THE METHOD OF AUTHORITARIANISM
WE get more of our beliefs from the testimony of our fellows than from any other source. Little of our knowledge of the universe is directly tested by our own intuition, reason, experience, or practice. We accept on trust nine-tenths of what we hold to be true. Man is a suggestible animal and tends to believe what is said to him unless he has some positive reason for doubting the honesty or competence of his informant. In hypnotism this natural docility or credulity is well illustrated, for the channels are closed through which there could arise ideas that would conflict with those suggested; and no matter how absurd the suggested statement might seem in normal life, it acts itself out uninterruptedly. To hear is to believe.
In the normal waking state some minds are more critical and suspicious than others, but in every mind suggestion tends in some degree to induce acceptance or belief. Young children whose minds are free from suspicion and whose experience has been too limited to conflict with what is said, are prone to believe what they hear from others as naturally as what they themselves perceive. We may say then that the prevalence of authoritarianism as a method of acquiring and testing truth depends first of all upon the limited nature of the individual and the consequent dependence of each on the testimony of others; and secondly, upon the fact that authority makes its appeal to the suggestibility and credulity that is universal throughout the human species.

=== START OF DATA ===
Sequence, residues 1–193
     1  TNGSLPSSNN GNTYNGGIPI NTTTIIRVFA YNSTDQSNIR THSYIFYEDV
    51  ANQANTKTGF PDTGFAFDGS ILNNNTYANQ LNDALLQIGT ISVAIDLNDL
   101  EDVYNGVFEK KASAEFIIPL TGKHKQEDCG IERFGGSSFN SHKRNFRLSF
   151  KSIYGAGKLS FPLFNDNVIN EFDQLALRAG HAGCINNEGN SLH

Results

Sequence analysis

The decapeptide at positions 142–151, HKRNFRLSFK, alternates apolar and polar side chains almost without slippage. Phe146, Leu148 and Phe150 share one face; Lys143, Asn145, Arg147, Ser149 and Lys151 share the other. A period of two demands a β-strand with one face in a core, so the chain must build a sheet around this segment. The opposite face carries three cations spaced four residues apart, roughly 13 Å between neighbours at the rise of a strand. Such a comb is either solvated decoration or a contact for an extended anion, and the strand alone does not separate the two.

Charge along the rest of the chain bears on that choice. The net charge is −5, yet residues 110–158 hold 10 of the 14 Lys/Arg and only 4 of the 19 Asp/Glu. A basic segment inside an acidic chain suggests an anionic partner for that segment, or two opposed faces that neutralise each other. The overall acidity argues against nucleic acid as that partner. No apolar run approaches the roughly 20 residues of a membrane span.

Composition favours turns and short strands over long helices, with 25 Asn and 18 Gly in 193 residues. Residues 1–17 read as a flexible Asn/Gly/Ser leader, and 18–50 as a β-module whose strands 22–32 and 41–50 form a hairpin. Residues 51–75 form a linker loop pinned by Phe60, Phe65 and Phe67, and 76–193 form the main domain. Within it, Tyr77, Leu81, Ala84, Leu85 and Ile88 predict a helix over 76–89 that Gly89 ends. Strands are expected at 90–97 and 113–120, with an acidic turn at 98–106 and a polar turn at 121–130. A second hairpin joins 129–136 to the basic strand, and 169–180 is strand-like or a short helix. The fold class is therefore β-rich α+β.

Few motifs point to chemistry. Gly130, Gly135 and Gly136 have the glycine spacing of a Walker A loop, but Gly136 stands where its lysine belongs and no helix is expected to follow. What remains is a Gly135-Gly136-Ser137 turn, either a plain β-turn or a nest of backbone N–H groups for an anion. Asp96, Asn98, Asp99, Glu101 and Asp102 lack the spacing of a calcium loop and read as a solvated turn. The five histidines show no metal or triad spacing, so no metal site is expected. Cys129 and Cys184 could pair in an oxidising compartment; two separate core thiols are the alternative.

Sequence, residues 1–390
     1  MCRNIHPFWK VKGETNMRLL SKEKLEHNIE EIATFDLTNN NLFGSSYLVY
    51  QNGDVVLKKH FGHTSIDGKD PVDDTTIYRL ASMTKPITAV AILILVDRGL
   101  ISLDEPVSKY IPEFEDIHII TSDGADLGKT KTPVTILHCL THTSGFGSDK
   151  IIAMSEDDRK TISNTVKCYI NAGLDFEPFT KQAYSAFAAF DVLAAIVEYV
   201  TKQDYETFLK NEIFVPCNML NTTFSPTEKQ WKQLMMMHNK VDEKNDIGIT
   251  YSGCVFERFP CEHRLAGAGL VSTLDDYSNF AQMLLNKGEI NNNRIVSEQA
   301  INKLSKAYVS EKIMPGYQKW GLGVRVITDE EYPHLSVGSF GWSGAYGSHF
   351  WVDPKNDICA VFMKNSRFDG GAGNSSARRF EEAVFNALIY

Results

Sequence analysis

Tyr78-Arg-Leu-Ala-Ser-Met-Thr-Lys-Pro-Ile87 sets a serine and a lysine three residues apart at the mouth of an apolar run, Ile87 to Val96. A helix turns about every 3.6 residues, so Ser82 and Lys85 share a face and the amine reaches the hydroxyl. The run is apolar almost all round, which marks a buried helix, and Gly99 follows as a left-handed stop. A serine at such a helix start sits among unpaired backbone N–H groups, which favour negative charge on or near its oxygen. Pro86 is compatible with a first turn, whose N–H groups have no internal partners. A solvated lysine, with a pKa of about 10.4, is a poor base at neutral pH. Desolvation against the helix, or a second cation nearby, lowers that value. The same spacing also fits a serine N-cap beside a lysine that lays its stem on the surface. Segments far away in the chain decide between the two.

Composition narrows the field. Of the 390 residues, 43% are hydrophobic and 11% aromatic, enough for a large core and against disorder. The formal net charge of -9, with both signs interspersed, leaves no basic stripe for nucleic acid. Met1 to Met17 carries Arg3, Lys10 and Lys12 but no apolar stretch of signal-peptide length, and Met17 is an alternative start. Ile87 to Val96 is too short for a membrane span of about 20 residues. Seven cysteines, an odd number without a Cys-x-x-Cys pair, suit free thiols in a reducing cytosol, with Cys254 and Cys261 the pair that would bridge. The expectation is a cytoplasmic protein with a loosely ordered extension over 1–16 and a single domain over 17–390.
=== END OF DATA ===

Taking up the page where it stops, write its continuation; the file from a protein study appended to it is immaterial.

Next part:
The weakness of the authoritarian method consists first in the fact that authorities conflict, and that there is consequently an internal discrepancy in the method which makes it difficult of application. This difficulty, however, is not peculiar to authoritarianism; it is present, though to a less extent, in